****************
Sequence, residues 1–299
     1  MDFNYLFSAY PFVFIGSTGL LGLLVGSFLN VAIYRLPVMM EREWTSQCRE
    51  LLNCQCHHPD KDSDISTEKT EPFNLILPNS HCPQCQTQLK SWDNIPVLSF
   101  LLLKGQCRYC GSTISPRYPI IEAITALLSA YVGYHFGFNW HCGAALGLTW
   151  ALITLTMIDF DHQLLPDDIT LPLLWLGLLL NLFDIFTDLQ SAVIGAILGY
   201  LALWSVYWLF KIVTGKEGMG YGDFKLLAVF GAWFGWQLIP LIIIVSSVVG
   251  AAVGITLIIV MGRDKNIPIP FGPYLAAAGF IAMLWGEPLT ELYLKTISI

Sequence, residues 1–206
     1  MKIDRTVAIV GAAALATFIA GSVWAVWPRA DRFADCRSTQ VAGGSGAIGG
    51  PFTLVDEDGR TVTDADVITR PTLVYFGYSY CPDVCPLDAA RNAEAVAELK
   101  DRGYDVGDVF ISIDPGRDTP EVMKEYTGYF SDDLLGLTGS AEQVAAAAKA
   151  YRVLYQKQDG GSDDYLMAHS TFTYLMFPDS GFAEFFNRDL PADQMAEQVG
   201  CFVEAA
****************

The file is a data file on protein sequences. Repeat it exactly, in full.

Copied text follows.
Sequence, residues 1–299
     1  MDFNYLFSAY PFVFIGSTGL LGLLVGSFLN VAIYRLPVMM EREWTSQCRE
    51  LLNCQCHHPD KDSDISTEKT EPFNLILPNS HCPQCQTQLK SWDNIPVLSF
   101  LLLKGQCRYC GSTISPRYPI IEAITALLSA YVGYHFGFNW HCGAALGLTW
   151  ALITLTMIDF DHQLLPDDIT LPLLWLGLLL NLFDIFTDLQ SAVIGAILGY
   201  LALWSVYWLF KIVTGKEGMG YGDFKLLAVF GAWFGWQLIP LIIIVSSVVG
   251  AAVGITLIIV MGRDKNIPIP FGPYLAAAGF IAMLWGEPLT ELYLKTISI

Sequence, residues 1–206
     1  MKIDRTVAIV GAAALATFIA GSVWAVWPRA DRFADCRSTQ VAGGSGAIGG
    51  PFTLVDEDGR TVTDADVITR PTLVYFGYSY CPDVCPLDAA RNAEAVAELK
   101  DRGYDVGDVF ISIDPGRDTP EVMKEYTGYF SDDLLGLTGS AEQVAAAAKA
   151  YRVLYQKQDG GSDDYLMAHS TFTYLMFPDS GFAEFFNRDL PADQMAEQVG
   201  CFVEAA